Getting the Details Right


Recently I was asked to be a speaker at a writers’ conference—the topic being character and setting description. The chairperson titled it “Getting the Details Right.” Because I have messed up on the details in a few of my books, this is the perfect topic for me.

First off, two of the biggest mistakes I’ve made:

  1. Changing the type of car someone drives. In my first Deputy Tempe Crabtree mystery, the car changed from a Blazer to a Bronco several times.
  2. Names of people—giving new characters in a story more than one name.
  3. Leaving out an important day of the week in a book that moved day to day through the week. (I fixed that before it got published.)

What I’ve seen in other people’s books:

  1. Giving a Japanese character a Chinese last name.
  2. Putting in details about a real city that are totally wrong. (And this is why I created my own cities even though they have a resemblance to a real place.)
  3. Setting a story in a fictional mid-west town with the wrong kind of geography and kinds of trees.
  4. Having too much happen in a much too small amount of time.
  5. Changing an important piece of description of a main character such as eye color

Let’s start with setting. I love books that clearly describe the places where the action takes place inside and out and also includes the weather (because this can be an important part of the plot), and different smells (which also can be an important part of the plot, or merely a means to evoke another sense of what the setting is like).

With characters we don’t need to know every detail of a person’s look, but enough to create a picture of the person in the reader’s mind. Along with the outward appearance, the personality is even more important. What in the person’s background would make someone do certain actions? Think about triggers to behaviors and motivations.

All of this is important, but to make sure not to get things wrong as I and many other authors have done, some means of keeping track of all these details needs to be used. Authors do this in many different ways from simply keeping written notes or an elaborate computer system. This is even more important for those of us who write series.

Anyone want to share how they keep track of the details? Or a mistake you’ve found in a book you’ve read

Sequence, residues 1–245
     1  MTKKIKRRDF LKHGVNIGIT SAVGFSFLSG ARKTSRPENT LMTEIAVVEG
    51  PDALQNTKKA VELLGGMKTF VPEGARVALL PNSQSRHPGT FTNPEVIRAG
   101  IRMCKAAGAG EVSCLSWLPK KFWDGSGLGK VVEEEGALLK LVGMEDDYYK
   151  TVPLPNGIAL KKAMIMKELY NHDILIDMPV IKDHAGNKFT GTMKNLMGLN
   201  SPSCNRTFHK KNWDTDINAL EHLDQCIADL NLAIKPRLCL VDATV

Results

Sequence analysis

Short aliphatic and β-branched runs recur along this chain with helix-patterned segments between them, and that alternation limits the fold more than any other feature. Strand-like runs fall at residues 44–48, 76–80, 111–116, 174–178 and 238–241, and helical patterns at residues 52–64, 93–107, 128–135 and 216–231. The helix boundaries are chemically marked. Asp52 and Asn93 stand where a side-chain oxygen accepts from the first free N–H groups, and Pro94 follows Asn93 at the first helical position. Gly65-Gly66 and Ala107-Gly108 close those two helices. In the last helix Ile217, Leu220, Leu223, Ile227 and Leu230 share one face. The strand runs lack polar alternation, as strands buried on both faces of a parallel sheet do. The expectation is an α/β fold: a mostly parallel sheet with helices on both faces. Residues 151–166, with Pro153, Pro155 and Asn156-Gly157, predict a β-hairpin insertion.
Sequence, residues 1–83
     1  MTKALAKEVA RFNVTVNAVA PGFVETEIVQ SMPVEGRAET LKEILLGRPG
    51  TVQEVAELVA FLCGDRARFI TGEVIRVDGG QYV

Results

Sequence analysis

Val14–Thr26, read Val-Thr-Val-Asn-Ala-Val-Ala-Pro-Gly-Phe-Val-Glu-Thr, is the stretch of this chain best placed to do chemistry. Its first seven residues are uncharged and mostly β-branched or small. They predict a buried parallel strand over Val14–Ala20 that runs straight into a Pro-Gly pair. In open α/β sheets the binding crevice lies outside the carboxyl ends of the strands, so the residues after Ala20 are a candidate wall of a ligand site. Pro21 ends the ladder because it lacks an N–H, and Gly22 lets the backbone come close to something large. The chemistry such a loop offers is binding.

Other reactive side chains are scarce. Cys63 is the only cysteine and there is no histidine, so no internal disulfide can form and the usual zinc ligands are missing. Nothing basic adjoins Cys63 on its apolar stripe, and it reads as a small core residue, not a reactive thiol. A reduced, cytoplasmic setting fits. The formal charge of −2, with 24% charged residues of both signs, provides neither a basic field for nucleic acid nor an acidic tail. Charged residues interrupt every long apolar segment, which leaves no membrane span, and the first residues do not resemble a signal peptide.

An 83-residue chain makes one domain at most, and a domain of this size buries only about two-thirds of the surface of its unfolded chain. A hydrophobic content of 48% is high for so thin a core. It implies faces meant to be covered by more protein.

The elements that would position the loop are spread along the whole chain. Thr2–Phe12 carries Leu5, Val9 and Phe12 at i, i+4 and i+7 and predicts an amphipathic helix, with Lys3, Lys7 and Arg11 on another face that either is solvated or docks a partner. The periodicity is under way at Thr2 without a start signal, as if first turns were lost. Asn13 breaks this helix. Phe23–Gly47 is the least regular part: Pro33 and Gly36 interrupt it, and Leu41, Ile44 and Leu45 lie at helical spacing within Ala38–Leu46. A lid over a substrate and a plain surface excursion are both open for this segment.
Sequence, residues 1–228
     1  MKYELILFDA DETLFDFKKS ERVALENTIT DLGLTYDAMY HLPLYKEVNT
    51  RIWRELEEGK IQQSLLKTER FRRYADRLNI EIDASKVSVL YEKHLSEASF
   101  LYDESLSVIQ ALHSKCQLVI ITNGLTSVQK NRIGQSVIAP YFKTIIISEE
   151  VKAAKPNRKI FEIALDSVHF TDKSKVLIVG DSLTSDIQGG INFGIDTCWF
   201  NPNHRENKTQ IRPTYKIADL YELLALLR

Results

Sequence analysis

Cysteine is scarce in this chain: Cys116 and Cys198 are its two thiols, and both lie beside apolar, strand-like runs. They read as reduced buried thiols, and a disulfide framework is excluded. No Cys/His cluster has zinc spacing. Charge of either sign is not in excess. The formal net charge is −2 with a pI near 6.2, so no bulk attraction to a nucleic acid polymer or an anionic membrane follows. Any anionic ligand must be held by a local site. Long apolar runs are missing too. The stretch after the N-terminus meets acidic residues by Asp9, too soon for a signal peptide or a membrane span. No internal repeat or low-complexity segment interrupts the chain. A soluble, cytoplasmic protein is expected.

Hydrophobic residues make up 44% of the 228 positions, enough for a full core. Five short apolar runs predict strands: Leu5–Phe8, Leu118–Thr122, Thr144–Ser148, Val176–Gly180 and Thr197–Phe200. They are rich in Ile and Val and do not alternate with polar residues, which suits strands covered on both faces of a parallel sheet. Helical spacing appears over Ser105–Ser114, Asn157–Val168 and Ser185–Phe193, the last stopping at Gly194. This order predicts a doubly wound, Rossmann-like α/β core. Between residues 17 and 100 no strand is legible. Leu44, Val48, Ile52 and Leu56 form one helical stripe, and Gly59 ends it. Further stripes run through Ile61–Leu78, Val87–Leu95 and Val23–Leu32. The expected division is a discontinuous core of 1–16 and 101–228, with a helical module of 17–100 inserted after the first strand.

P.S. Though it’s been fixed now, I mixed up some character’s names in my last Rocky Bluff P.D. mystery. No one noticed ahead of time–my critique group, the editor I sent it too first, or the publisher who thought it was my best book in the series.


Yep, this is the one.




6 thoughts on “Getting the Details Right

  1. I have a running list of all the characters in all my books so I don’t reuse names. I also have pages with details about the major characters. I keep all this in a 3-ring binder: I’m old school. Last year when I revised my first Sandy Fairfax book I noticed tow details about him I’d forgotten for the following books. I’ll be sure to include them in the next book. Since it takes me a long time to get from one book to the next, its easy to forget whet’s happened before., so I need lots of notes.


  2. Glad you re-blogged, Jackie. Love hearing from Marilyn and don’t always get to her blog. Marilyn, you know I share with you a love for setting and what getting it right can do to make or break. I tend to like naming characters with three names, which means even more opportunities to screw up the names! Very enjoyable post. Just like both your series!(smile)


  3. I have sticky notes, note pads, and a notebook I use to try and keep everyone, every place, and everything straight, and sometimes it still gets caught by my CPs, beta readers, editor, and final proof reader. There is so much to remember! Great post, Marilyn!


  4. I keep my settings straight by only using cities and towns I’ve lived in for major settings, and places I’ve visited if my characters are passing through. I like your point about the weather. It can be part of the plot. I started keeping a “series bible” file a few years ago, in which I’ve written characters’ ages in each book, their birth dates, family trees, details like one character’s history of injuries, a list of all minor characters in case I need to bring one back, and anything else I think I might need. I keep adding onto it. And I also keep an e-pub copy of each book in the series on my laptop so I can search in prior books to double-check details. I’m bringing back a number of characters from book one in book seven, and I’ve had to look up the first descriptions of them and some of their mannerisms. I’m keeping an ongoing set of chapter notes with the days and dates for the WIP and what happens on each day. There may be a more orderly way to do this, but it works for me for now.


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